United Nations Support Mission in Libya – Report of the Secretary-General (S/2022/31) [EN/AR] – Libya
1. The present report, submitted pursuant to Security Council resolutions 2510 (2020), 2542 (2020), 2570 (2021) and 2599 (2021), covers political, security and economic developments in Libya. . It provides an overview of the human rights and humanitarian situation in the country and the activities of the United Nations Support Mission in Libya (UNSMIL) since the publication of the previous report (S/2021/752). ) on August 25, 2021.
II. Political, security and economic developments
2. During the reporting period, legislative and technical preparations continued for the national elections originally scheduled for 24 December. However, continuing disagreements over the legal framework for elections passed by the House of Representatives, political and legal disputes over the eligibility of several presidential candidates, and reported security threats against the National High Electoral Commission have led the Commission to delay the publication of the final report. list of eligible presidential candidates, effectively postponing the elections.
3. On 17 November, the Secretary-General’s Special Envoy for Libya, Ján Kubiš, submitted his resignation, which the Secretary-General accepted with effect from 10 December. On December 6, he appointed Stephanie Williams as special adviser on Libya. He asked him to work closely with UNSMIL in cooperation with Libyan, regional and international actors. She took office on December 10.
4. From 12 to 23 December, the Special Adviser met with political, security, economic and civil society representatives in Tripoli, Misratah, Sirte and Benghazi, including members of the Presidency Council, the Government of National Unity, the High National Electoral Commission. , the House of Representatives, the High Council of State and the High Council of the Judiciary, and the candidates for the presidential and legislative elections. She focused her consultations on challenges affecting the electoral process and explored ways to address them while maintaining momentum towards the holding of elections.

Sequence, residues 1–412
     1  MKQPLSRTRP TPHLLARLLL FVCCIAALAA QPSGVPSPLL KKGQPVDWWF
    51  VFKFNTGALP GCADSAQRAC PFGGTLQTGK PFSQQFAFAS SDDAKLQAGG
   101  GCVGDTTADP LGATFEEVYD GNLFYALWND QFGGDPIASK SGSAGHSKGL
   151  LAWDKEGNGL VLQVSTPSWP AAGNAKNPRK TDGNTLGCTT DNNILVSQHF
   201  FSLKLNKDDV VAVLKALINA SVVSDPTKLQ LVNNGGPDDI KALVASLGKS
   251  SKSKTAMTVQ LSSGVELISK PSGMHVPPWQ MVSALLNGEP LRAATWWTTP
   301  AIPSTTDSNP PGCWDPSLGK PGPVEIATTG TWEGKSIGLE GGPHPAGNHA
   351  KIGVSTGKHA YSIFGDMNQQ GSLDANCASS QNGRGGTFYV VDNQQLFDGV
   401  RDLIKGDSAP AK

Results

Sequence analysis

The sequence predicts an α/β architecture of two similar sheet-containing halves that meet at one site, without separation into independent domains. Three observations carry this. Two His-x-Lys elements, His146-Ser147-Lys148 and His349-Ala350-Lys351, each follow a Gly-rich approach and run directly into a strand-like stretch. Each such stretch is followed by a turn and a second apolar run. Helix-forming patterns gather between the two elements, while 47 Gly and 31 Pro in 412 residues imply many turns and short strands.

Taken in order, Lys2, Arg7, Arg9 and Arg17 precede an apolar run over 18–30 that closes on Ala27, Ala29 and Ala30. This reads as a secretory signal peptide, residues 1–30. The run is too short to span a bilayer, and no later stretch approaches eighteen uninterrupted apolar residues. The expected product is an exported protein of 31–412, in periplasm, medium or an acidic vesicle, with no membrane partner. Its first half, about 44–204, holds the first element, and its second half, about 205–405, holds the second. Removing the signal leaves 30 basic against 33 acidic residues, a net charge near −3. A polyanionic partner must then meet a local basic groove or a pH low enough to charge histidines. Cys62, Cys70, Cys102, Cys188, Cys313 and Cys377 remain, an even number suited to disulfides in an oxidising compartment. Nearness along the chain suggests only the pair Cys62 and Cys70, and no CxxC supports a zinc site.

5. On 19 December, the Special Adviser organized a meeting with the President of the National High Electoral Commission, the Minister of Interior and the Acting Head of Parliament to take stock of the situation and identify the way forward. She later encouraged the House of Representatives to focus its efforts on holding national elections, noting that in changing the electoral framework, the House should strictly adhere to the provisions of the 2015 Libyan Political Agreement and comply with its own rules of procedure and act. transparently.
6. On 22 December, the High National Electoral Commission informed the House of Representatives of the Commission’s inability to organize elections in accordance with the roadmap of the Libyan Political Dialogue Forum and relevant Security Council resolutions and asked the House to set a new election date. On 23 December, the Secretary-General issued a statement in which he congratulated the 2.8 million Libyans who had registered to vote and said that presidential and parliamentary elections must be held in Libya under the appropriate conditions to end the political transition peacefully and transfer power to democratically elected institutions.
7. On December 27 and 28, the House of Representatives convened a session in Tobruk to consider the most recent developments regarding the electoral process and the way forward, including a report by the House-appointed committee on the electoral process. As a result, the House created a new committee to develop recommendations on the way forward for the electoral process.
8. On 3 January, the President of the High National Electoral Commission informed the House of Representatives of the reasons why it was unable to organize elections on 24 December. He cited inconsistencies in the legal framework and irregularities in the judicial appeal process for the selection of presidential candidates. He also reported that the Commission had received threats warning against the names of certain people on the final list of presidential candidates.
9. In the meantime, efforts aimed at the full implementation of the Comprehensive and Permanent Ceasefire Agreement in Libya between the Libyan Army of the Government of National Accord and the Libyan National Army of the General Command Armed Forces (S/2020/1043, annex), which was signed on 23 October 2020, continued throughout the reporting period, with particular emphasis on the withdrawal of foreign forces, foreign fighters and mercenaries from Libya. On October 8, the 5+5 Joint Military Commission, with the support of the United Nations, adopted an action plan for a gradual, balanced and sequenced process for the withdrawal of mercenaries, foreign fighters and foreign forces from Libyan territory. The plan makes specific reference to the role of UN ceasefire monitors in supporting its implementation. On 10 October, the first team of United Nations observers was deployed as part of UNSMIL’s ceasefire monitoring component. The action plan was officially endorsed at the Libya Stabilization Conference held in Tripoli on October 21.